A Perfect Contradiction – Paloma Faith talks about her new album, hope & Pharrell Williams

It takes listening to precisely five seconds of Paloma Faith’s comeback single to realise that you are already in the company of one of the best pop tracks that you are going to hear all year.

By the time it gets to the chorus of Can’t Rely on You, with its defiant stomp and backing vocals from the songs’ creator, hit-maker-in-chief Pharrell Williams, it also becomes patently clear that Faith, reinvigorated and buoyant, is set to enjoy a bumper year.


Can’t Rely on You is the lead track of her forthcoming third album A Perfect Contradiction, and her best yet: as equally upbeat and sassy as it is soulful, and with a positivity that’s impossible to resist.

The inspiration, Faith says, came from not wanting to make a record as downbeat as its predecessor Fall to Grace, which documented failed relationships to mostly melancholy, ballad-like fare.

“When I was touring the last album I got a bit bored of being upset,” Faith says. “I think sometimes when you write sad songs you write them in a moment when it’s like therapy, but then when you’re singing them 18 months later it’s like picking off a scab. This time I knew I needed to inject some hope. There’s some heartache, but it’s got a hopeful vibe to it. And I’ve returned to my soul roots, working with people I’ve admired for a long time.”

A Perfect Contradiction is an evocative title – where did that come from?

“I mean perfect contradiction in terms of the last album, because that was melancholic, but also in everyday life. You can’t have real joy without real sadness. It extends to a conversation I had with Pharrell. He was asking me about myself and I said I feel an affinity with people who are a perfect mix of contradictions. And he said ‘do you think you are?’ and I said ‘yeah’ and then he told me I should call my album that. I went home and mulled it over; I decided it was a really good title, because it meant a lot of things. It’s to do with accepting difference within ourselves as well as other people and our experiences.”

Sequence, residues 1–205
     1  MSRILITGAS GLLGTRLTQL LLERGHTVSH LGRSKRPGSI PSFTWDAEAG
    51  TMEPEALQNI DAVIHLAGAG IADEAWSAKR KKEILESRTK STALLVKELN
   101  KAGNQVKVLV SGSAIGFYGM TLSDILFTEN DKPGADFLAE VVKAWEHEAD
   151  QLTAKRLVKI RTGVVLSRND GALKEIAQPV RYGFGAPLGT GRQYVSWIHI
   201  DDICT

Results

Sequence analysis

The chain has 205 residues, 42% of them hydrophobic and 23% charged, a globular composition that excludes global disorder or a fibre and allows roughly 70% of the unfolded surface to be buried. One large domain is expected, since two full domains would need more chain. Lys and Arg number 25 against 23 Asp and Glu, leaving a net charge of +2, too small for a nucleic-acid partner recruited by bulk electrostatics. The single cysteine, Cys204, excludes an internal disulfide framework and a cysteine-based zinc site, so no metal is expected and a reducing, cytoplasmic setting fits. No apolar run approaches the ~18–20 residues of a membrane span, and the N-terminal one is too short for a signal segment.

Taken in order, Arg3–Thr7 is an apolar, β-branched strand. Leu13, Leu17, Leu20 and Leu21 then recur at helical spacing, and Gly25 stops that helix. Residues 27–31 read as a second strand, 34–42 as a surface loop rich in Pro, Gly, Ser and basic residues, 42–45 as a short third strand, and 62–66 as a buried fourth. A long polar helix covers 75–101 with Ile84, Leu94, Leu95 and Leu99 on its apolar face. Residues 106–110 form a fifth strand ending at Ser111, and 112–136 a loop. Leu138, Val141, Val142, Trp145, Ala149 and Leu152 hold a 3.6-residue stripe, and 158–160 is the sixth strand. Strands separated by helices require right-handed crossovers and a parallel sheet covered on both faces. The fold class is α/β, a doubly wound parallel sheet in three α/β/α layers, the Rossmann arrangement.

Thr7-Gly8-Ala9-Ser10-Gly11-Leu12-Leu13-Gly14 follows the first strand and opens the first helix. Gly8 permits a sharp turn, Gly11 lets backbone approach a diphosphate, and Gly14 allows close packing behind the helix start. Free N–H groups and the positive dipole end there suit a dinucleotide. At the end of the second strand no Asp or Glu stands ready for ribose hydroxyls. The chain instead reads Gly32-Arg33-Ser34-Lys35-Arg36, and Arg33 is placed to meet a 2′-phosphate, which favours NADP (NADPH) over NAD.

Faith worked with a host of names on A Perfect Contradiction (Raphael Saadiq, John Legend, Diane Warren) but it is inevitably the collaboration with Pharrell that is of most intrigue.

“He approached me at a party to work with me and we wrote a couple of songs together, and as we got to know each other through that time he said that he had this song that he’d written that he’d been sitting on for ages. He said he thought it would suit me, and did I want to hear it. I was like ‘of course’, and I loved it. It totally has my name on it.

“Pharrell is very nice, humble, and so likeable. He works very hard and throws a lot away, because he only wants the best to come out.” He is certainly is a happy fellow, and the go-to man for a smash hit, isn’t he? “Yes, but you want to hear the ones that don’t make it, though!”

Faith is arguably as well known for her sense of style than she is for her music, and her appearance is a vital component of the entire songstress/fashion icon package.

“For as long as I can remember I’ve had it drummed into me that presentation is important. My family is full of women who really make an effort. I’ve never been around people who just wear jeans and t-shirt.

“In fact, the other day I was walking around Brick Lane with my mum, my aunt and my cousin. This girl came up and said ‘you four look like brilliantly dressed women; can I take a picture for my art project?’ She later wrote to me on Twitter later to say ‘sorry, I had no idea it was you!’ It was so funny.”

But getting stopped in the street was partly what made Faith head across the Atlantic to make A Perfect Contradiction.

“I do get stopped a lot – it’s flattering but it’s difficult to detach yourself. Ultimately, I wanted to write an album that was down to earth and about real issues, and I didn’t feel that my life was conducive to that over here. It’s not a realistic lifestyle to have being stopped by people all the time; it doesn’t promote a realistic attitude of life. People can’t relate to it.”

After A Perfect Contradiction hits the shops in March, Faith says she can’t wait to get on the road and reinterpret the new songs for a live audience.

“We haven’t planned it yet but we’ll hopefully be touring towards the end of the year. I am looking forward to going out and touring it – it’s a musician’s album. My band love it; they can’t wait to show off, and nor can I!”

Paloma Faith’s new album A Perfect Contradiction is out March 10, on RCA Records.

‘Paloma Faith talks about her new album, hope & Pharrell Williams’ by Shaun Curran


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